Back in 2011, L.A. Noire was a strange technical showpiece that was both disjointed and mesmerising in almost the same scenes. The 1940’s detective thriller features some state-of-the-art facial capture; the best at the time really, allowing its actors to bring their characters to life in ways that a real detective game required. And it worked, but the many parts around it failed to deliver on a title that was even and engrossing all the way through. And despite some neat visual touch-ups here and there, the same is true for L.A Noire in 2017.
Released as a remaster on Xbox One and PS4 (and ported over to Nintendo Switch), L.A. Noire now stands as a far more complete package for those who might have never tried it. It includes a full 21 detective cases, ranging from your early days as a beat cop, the dirty world of Vice, and the more captivating moment in homicide. The game bundles together the core story and the additional DLC cases that were released after the fact. They give you some additional time in the dingy crime scenes of L.A, but don’t really add much to the otherwise complete narrative.
And that narrative is still as hit and miss as you might remember. Protagonist Detective Cole Phelps still ranks in as a finely crafted case, with his own backstory and personality shining through his performance. He’s the most interesting piece in play here, while many of the supporting cast fail to live up to him. There are some standout performances on some cases for sure, but Cole’s arc is riveting and noteworthy in a way that the overall story doesn’t deserve. It shows its hand in too many ways too quickly, and doesn’t quite get to the stop it wants to in time for the credits to roll.
Gameplay hasn’t changed much at all, which means you’ll still mostly be sorting through crimes scenes with a bunch of useless junk lying around and wrestling with the same sticky shooting. What has changed for the better, however, is interrogations. Originally L.A. Noire featured three response types: Truth, Doubt and Lie. Each three did a bad job of foreshadowing how Cole would respond to those he was questioning, often leading to some strange bouts of shouting when all you wanted to do was question a simple response.
Instead, the remaster labels these responses as Good Cop, Bad Cop and Accuse, which does a better (but not perfect) job. Hitting Bad Cop to try to squeeze more information out of a reserved suspect makes more sense, but Cole still has some odd lines that don’t seem to line up with any of your expectations. Still, it’s the preferred method over the original, and a change that does make the most important aspect of this game a little more predictable.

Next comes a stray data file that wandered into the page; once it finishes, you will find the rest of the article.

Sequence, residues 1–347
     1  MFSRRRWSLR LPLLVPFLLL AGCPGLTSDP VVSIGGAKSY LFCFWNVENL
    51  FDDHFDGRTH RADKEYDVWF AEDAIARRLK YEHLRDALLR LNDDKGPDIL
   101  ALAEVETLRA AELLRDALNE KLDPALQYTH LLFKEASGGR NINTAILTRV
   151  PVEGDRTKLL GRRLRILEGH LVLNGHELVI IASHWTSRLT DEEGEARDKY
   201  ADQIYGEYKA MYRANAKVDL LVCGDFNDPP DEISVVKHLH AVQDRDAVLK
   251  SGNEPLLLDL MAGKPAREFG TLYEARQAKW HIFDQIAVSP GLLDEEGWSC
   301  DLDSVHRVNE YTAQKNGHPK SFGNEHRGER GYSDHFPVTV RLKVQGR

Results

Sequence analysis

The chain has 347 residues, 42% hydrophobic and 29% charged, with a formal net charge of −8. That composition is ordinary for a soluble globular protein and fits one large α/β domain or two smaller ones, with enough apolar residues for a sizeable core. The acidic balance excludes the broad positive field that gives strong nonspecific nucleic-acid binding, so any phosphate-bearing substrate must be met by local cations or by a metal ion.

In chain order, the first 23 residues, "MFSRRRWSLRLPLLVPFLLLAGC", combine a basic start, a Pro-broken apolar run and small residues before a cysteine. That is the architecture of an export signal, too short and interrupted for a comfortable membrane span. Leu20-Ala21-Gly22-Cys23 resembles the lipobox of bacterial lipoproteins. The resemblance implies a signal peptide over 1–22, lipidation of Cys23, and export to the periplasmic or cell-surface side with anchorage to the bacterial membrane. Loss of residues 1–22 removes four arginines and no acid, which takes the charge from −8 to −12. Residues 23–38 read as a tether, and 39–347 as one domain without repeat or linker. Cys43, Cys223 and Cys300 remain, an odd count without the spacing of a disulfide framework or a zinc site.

The realistic motion captures for all important faces also plays into this, but six years haven’t been as kind to this technology as you might have expected. Since then games have quantum leaped forward in terms of technological advancements, making the once benchmark setting feature feel very out of place. They’re still crucial to the gameplay in a way that many other games can’t touch, but it’s going to make you raise your eyebrow more than before. Especially when you recognise how janky every other animation in the game feels in comparison.
The remaster does spruce up the rest of the visual presentation in a neat way though, including some decent HDR support for both Xbox One and PS4. It makes driving through the dark streets of L.A slightly more ambient, while also adding some weight to crime scenes in dodgy alleyways. It’s a neat addition if you have the TV to support it, while resolution bumps and slight texture upgrades don’t quite impact the overall presentation as much. It’s an empty world most of the time, with the less detailed texture work you might have already forgotten about in the years of truly remarkable visual leaps forwards. Expected, but still slightly disappointing.
L.A. Noire is still a game you probably should play at some point, if only to engage with the experimental take on a noir thriller and to see its once phenomenal motion capture in work. But returning to this adventure only shows its flaws in a stronger light. And if you’ve already solved the case of Cole, it’s a hard sell to do it all over again.
Last Updated: November 24, 2017